Man accused of killing 2 teens during alleged blackmail attempt will face trial
Last Updated: 38 days ago
BRIGHTON, Colo. - A judge decided Friday that an Adams County man accused of killing two teens during an alleged blackmail attempt will remain in jail and stand trial for murder.
Prosecutors presented evidence Friday against William "Billy" Otto during a preliminary hearing.
The 43-year-old Otto is accused of killing 16-year-old Gustavo "Danny" Espinosa-Gamboa and 15-year-old Jonathan Gonzalez in August. They had allegedly demanded $10,000 each to keep secret a video that allegedly showed Otto asking if he could perform sexual acts on the boys.
During Friday's hearing, Isaiah Furley claimed to have seen the video said it showed Otto trying to convince the boys to participate.
Furley said the video caught Otto saying, "'It doesn't make you gay, it makes me gay.'"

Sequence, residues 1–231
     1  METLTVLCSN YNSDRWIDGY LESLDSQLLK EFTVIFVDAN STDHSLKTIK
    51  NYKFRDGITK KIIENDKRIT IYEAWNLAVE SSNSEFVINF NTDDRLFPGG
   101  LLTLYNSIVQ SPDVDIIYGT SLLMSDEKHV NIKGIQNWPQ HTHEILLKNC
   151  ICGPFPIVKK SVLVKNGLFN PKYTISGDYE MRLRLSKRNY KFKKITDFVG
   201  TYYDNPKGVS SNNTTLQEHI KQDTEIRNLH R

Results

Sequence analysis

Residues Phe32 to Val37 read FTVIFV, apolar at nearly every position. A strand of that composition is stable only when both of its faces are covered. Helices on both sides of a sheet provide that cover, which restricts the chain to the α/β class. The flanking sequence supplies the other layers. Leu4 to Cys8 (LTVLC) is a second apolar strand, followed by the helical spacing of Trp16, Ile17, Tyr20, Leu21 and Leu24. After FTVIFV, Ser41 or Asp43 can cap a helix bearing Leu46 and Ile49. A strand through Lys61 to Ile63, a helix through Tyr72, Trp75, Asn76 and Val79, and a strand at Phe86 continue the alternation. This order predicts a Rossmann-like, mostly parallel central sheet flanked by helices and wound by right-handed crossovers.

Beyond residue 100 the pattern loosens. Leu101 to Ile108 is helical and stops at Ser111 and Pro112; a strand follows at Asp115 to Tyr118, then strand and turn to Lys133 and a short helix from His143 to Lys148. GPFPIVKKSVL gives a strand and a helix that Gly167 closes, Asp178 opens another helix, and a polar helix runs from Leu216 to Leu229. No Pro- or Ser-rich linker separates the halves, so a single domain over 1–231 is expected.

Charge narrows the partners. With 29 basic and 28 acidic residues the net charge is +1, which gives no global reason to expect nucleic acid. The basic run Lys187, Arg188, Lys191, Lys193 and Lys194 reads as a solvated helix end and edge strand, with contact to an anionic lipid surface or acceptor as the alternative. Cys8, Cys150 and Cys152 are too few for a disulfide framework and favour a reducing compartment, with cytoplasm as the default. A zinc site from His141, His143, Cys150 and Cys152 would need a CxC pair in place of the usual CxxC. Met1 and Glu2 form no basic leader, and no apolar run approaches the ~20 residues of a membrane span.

Detective Fawl Haber testified Friday that several friends of the teenagers told them they knew of the extortion plot or were participating in it. Additionally, he said Espinoza's parents knew about the plot.
In court documents, Otto claimed Gonzalez came at him with a knife when Otto refused to pay the teens' blackmail demands. Otto said he shot the boys and buried their bodies near his family farm in Sedgwick County and directed deputies to the graves where the bodies were recovered, the affidavit said.
Meanwhile, the defense argued there was no proof that the alleged blackmail video exists but that the boys came over with intent to commit a crime. Otto was defending himself, a defense attorney said.
"He didn't go get his gun until they had a knife -- in his own house two young men are coming at him with a knife," the attorney said.
A prosecutor argued the forensic evidence did not support a "make my day" defense. The report described wounds that indicated the gun was fired within inches of Gonzalez's head and also at close range to Espinosa-Gamboa.
The bodies of the teenagers were found on Aug. 11 in Sedgwick County. Otto told the court Friday that he arranged logs in the shape of a cross over the graves he dug.
In his decision to send the case to trial, Judge Thomas Ensor cited the evidence of "execution style" wounds and testimony that Otto had tried to destroy evidence in the case. An arraignment was set for Dec. 3.
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